u-turn

A temperamental sense of balance and an overly sensitive inner ear don’t make the best flight companions. Fortunately, the only moments of the journey that we tend to be at odds occur during takeoff as the plane climbs in altitude. My brain and my ear cannot seem to resolve their past communication issues and as such, are a bit  fluttery when presented with a challenge beyond navigating the balance challenges of a typical day. Each flight and airport present a unique set of circumstances, but discomfort of some kind reveals itself regardless of place or direction. Last night’s flight home brought forth one of the most courageous conversations my brain and my ear have had to flesh out in a long time.

At first, I was relieved. We seemed to be climbing in altitude slowly which always eases tension by allowing my head to adjust to the pressure changes gradually rather than all at once. And then we made a sort of u-turn. Planes turn all the time. No big deal. I sit just in front of the wing and by a window so my eyes can use the visual to explain the discomfort my head feels.

Last night felt different.

The turn was steeper and tighter and incredibly disorienting. There wasn’t a window that I could look through that could grant a stable visual. There seemed to be no steady point on which to focus, to center myself. Gorgeous pink clouds reflecting the beauty of the setting sun should have been distraction enough, but I simply couldn’t get my bearings and it equated to a terrifying minute or so during which the panic of the vertigo days flooded my system. My mind reeled toward flashes of the worst moments from that time swifter than I could stop it. Before I realized what was happening, my hands were shaking and my breath became shallow. Treacherous, sneaky fast, pervasive. Panic acts without notice and I wasn’t prepared to prevent it from persisting. My guard was down.

Eventually, after the plane leveled out, the pressure in my head did as well. I closed my eyes, inhaled deeply, and reminded myself that, despite the painful memories this u-turn invoked, the discomfort was limited, temporary. Despite that feeling of helplessness in mid air, I was okay–safe, balanced, headed home.  Another inhale, a breath of gratitude. The exhale, a prayer of peace.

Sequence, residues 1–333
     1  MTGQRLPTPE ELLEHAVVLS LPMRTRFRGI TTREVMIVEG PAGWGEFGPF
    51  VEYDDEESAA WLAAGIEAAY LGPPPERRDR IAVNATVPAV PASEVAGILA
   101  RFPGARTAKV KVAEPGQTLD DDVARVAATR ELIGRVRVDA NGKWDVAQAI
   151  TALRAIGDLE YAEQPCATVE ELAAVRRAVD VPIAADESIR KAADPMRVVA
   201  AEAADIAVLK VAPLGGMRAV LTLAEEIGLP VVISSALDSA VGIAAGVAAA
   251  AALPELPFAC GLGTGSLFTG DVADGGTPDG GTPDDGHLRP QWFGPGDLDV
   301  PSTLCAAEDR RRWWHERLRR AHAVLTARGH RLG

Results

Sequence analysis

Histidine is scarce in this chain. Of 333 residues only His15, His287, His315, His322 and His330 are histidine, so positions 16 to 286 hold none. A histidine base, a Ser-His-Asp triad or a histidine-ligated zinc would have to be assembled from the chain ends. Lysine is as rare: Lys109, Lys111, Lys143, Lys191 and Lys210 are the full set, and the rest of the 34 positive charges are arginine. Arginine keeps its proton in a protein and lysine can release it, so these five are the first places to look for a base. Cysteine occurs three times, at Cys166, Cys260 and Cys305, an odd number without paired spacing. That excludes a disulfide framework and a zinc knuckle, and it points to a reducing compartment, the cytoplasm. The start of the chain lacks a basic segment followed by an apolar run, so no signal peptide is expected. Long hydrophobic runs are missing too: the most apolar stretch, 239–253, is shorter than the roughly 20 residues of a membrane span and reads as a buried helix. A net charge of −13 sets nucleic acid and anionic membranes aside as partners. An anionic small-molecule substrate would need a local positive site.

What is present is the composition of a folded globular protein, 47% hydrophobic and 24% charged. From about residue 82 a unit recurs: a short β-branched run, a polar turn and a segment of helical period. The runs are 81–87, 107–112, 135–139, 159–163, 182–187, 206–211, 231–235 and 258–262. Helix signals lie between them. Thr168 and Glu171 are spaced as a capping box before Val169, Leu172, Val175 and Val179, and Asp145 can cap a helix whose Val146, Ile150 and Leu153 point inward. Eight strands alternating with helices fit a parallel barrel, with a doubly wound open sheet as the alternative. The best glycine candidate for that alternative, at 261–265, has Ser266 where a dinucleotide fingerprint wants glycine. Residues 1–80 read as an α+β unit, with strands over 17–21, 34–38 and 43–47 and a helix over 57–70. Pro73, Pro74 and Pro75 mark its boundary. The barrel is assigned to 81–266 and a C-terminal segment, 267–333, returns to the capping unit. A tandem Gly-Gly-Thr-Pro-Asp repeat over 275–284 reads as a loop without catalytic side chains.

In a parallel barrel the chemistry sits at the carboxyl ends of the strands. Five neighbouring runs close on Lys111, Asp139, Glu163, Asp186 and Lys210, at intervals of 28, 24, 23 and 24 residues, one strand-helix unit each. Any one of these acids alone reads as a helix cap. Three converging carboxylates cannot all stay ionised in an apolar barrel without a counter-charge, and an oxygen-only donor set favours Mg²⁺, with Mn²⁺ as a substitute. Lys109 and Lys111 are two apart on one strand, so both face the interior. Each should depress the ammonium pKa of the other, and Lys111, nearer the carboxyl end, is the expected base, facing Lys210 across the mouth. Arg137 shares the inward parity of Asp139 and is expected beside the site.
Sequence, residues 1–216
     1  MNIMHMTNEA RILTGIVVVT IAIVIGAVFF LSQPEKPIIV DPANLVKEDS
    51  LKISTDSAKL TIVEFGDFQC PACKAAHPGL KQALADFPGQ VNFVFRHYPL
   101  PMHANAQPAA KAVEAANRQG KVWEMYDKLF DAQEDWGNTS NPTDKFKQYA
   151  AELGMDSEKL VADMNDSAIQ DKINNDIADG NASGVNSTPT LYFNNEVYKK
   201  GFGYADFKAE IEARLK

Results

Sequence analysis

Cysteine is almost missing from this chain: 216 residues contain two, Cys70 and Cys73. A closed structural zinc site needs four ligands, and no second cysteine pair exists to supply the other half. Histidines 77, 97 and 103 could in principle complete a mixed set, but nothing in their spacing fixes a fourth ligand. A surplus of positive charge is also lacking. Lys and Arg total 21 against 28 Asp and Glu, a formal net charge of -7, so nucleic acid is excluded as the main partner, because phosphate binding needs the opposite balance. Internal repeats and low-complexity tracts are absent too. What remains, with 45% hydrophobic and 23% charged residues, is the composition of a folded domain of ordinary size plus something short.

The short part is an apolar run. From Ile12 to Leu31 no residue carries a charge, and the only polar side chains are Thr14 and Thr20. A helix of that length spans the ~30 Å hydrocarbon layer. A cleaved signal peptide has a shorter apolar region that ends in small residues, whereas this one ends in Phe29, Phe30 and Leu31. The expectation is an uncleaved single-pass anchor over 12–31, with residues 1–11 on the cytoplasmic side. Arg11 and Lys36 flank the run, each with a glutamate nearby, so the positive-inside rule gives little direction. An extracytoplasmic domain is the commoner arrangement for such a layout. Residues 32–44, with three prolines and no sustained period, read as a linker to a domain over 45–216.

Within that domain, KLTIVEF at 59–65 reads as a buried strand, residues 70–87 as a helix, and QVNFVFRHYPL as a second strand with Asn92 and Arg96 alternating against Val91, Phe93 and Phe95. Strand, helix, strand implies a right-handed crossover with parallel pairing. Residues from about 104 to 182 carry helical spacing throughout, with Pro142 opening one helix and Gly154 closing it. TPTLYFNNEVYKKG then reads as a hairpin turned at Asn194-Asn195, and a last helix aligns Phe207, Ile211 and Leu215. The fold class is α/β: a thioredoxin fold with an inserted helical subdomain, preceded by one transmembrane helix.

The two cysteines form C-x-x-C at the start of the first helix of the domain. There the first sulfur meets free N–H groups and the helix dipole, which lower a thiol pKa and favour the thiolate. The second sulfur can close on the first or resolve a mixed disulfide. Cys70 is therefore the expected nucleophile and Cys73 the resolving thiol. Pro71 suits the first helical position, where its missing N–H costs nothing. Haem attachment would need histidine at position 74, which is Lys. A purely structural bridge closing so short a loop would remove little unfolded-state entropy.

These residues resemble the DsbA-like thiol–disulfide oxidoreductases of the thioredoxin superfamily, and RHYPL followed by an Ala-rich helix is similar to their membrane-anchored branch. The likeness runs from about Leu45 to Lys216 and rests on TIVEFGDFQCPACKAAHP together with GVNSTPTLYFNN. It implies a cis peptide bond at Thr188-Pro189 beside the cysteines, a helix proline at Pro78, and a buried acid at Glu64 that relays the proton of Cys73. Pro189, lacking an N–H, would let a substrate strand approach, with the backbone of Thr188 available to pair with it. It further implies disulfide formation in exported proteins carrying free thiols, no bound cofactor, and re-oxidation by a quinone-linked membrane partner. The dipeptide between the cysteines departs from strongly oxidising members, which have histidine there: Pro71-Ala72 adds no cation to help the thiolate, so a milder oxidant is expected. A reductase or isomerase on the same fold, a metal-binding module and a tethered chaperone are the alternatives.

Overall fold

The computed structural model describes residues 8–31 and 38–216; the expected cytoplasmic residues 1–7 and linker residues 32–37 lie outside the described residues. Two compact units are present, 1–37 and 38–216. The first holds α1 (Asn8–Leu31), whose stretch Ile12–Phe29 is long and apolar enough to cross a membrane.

I have these u-turn moments from time to time-I feel like in some strange way, in our own ways, we all do. A moment when something triggers my vertigo panic button or rips the stitches that contain my grief and suddenly I am swallowed up. Whether fleeting or lingering, the emotion is disorienting and even when I am surrounded by goodness and love, it can be hard to see it clearly enough…even when I know the feeling will be temporary and I am in charge of its dismantling, it can be hard to find my balance long enough to wait it out.

Yet, inevitably, the moment always levels out, the pressure of the panic subsides, I realize that I am held in love unconditionally-that I am safe, and I breathe. Will the vertigo come back some day? Almost definitely. Will that be awful? Um, probably… I can live with that aspect of my life, I have to. I don’t have to like it and from time to time, I’ll be caught in a bit of a u-turn moment, but this is my lot and with it, I can still do so much.

Inhale, gratitude…exhale, peace.

(Entry 29 in the king cake writing challenge!)

selfish?

I lost control of the remote and all television viewing when I married my husband twenty years ago. The birth of my kiddos only compounded this situation. In order for me to possess the power to decide what I will watch, I pretty much either have to be at home by myself or the last one awake (which is why I’m only on Season 3 of Downton Abbey with so many other seasons of so many other shows in an ever growing queue of  “to be viewed”). And I’m not going to lie, what the people in this household decide to watch remains questionable at best. To justify that statement, I should mention that currently these boys (lead by my husband) are flipping between some station with a guy selling vintage coins and a reality television show depicting people who go around the country in an effort to haggle and then buy other people’s junk. If somehow something else were to be added to the mix, I can almost positively promise it will be the Golf channel.

Riveting, right?